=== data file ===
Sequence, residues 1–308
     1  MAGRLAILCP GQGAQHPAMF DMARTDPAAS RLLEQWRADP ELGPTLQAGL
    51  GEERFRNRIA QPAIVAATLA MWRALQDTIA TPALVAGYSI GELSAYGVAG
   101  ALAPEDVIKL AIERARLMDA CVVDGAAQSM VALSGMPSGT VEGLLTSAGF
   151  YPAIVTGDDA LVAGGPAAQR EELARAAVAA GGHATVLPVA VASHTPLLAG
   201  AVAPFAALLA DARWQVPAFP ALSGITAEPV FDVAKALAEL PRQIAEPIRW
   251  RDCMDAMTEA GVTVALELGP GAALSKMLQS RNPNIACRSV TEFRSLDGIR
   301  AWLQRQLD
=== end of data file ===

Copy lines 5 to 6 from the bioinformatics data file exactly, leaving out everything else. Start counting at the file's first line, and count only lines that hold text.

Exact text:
   151  YPAIVTGDDA LVAGGPAAQR EELARAAVAA GGHATVLPVA VASHTPLLAG
   201  AVAPFAALLA DARWQVPAFP ALSGITAEPV FDVAKALAEL PRQIAEPIRW